You’re Not As Good At Kissing As You Think. You’re A Better Dancer!

Do you think you are an above-average driver, as most people do? How do you compare with others as a parent?

Are you better than most at dancing? Where do you rank in your capability to save humanity?

Many of you will answer these questions incorrectly. For some of these skills, you will think you are better than you actually are. For others, you will think you are worse!

We have long known that, for particular skills, people tend to rate themselves imperfectly. In a famous study from 1981, researchers asked people to rate their driving ability.

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More than 90 percent considered themselves above average.

Of course, some people who think they are above-average drivers really are. But the 90 percent statistic shows that many people inflate how they compare with others.

By definition, only 50 percent of people can rate above the median.

Similar results have been found in many other arenas. More than 90 percent of faculty members at one state university considered themselves above-average teachers.

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More than 30 percent of one company’s engineers rated themselves among the top 5 percent.

Studies like these led social scientists to conclude that people systematically exaggerate their own capabilities, that they have what researchers call “illusory superiority.”

But that’s not the whole story…

More recent studies have found examples in which people tend to underestimate their capabilities.

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One found that most people thought they would be worse than average at recovering from the death of a loved one. Another study reported that people thought they were worse than most at riding a unicycle.

Here, they exhibit illusory inferiority.

So when are people likely to be overconfident in how they rank? And when are they underconfident?

One of us has conducted research on this topic. Spencer and his collaborators used Positly, a new platform he started that allows researchers to conduct a large number of studies rapidly.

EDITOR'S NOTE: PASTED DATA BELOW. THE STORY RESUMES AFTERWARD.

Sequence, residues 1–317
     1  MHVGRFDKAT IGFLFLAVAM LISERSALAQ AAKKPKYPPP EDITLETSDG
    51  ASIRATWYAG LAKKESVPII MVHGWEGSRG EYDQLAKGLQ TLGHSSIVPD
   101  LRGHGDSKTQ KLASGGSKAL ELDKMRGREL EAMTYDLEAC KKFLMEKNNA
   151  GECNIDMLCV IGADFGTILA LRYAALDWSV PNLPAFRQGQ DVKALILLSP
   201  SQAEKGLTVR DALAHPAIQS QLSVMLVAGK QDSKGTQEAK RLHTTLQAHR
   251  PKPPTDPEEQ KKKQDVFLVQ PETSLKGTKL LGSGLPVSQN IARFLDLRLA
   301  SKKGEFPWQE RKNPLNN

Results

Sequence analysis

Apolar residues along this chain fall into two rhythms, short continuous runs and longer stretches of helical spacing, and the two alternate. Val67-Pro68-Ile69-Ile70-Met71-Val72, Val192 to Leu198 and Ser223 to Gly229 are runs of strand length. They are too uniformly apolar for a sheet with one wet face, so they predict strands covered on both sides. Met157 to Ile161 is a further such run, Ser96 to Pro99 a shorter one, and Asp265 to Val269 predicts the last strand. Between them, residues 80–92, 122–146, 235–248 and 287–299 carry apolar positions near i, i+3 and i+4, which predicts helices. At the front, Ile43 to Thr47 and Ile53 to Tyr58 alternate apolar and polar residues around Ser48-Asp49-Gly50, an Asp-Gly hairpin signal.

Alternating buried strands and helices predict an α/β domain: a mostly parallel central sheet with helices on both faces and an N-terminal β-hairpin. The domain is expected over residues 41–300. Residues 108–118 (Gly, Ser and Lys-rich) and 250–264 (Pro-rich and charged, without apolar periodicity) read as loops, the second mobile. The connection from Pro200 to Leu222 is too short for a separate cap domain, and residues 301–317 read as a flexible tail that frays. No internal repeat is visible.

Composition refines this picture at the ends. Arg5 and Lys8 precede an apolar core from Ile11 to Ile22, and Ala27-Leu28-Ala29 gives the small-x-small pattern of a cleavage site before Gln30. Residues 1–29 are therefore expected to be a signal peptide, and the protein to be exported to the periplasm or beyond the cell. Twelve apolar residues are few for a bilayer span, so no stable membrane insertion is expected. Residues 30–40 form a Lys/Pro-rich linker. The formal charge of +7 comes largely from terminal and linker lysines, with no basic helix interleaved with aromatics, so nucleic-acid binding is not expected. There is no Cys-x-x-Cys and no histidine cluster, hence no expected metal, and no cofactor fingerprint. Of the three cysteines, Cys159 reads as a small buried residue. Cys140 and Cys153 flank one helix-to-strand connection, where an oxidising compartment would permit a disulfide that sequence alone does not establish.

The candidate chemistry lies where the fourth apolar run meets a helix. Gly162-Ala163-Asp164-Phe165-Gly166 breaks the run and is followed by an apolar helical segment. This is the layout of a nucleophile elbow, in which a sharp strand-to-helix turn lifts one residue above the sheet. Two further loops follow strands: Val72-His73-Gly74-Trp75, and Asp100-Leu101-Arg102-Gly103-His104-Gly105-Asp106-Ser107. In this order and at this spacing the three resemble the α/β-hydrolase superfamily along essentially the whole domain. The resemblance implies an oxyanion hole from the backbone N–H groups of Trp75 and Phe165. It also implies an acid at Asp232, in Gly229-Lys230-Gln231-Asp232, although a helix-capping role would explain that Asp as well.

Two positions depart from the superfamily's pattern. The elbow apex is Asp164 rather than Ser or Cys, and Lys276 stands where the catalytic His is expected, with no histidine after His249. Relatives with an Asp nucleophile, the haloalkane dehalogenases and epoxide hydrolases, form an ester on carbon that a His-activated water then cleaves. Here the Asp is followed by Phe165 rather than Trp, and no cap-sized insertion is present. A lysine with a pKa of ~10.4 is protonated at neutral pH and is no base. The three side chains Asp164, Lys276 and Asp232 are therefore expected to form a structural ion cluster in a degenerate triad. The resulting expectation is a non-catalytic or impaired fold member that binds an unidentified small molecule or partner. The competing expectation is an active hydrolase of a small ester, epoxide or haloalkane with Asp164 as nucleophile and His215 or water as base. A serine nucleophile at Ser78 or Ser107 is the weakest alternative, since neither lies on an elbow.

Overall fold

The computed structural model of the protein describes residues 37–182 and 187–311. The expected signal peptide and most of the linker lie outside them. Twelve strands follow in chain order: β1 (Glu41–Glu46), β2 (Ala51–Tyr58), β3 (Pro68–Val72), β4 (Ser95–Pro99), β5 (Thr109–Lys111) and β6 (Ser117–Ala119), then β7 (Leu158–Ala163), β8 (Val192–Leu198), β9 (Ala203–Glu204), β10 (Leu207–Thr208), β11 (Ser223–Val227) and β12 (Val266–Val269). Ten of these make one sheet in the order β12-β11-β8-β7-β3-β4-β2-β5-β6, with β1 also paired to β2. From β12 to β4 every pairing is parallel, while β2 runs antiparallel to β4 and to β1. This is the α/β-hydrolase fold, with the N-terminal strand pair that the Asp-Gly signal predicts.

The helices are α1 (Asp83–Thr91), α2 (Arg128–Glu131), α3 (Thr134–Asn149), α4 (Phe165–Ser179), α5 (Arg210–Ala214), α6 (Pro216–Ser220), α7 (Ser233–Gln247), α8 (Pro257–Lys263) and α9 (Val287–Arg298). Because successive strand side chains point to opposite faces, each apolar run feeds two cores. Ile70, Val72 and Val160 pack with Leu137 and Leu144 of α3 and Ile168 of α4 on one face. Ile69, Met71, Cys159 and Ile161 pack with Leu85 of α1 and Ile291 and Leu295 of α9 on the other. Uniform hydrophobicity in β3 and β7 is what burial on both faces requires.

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Instead of asking people where they rank on just a few skills, they asked where they ranked on 100 skills.

For each skill, participants were asked how they thought they compared with others on the platform who shared their age and gender, and lived in their area.

If, on average, people thought they could outperform more than 50 percent of others at the task, that suggests systematic overconfidence.

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If, however, people thought they would outperform less than 50 percent, that’s evidence of underconfidence.

There was great variation in how people assessed their relative skills at a task. On average, people rated themselves better than 75 percent of others in their ability to use a computer, for instance.

But people rated themselves better than only 32 percent of others in their ability to knit a sweater.

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People tended to overestimate how they compared with others in their ability to dodge a fraud, win a trivia contest or cuddle.

But they tended to underestimate how they ranked in their ability to predict the outcome of a sporting event, win a fistfight or dance.

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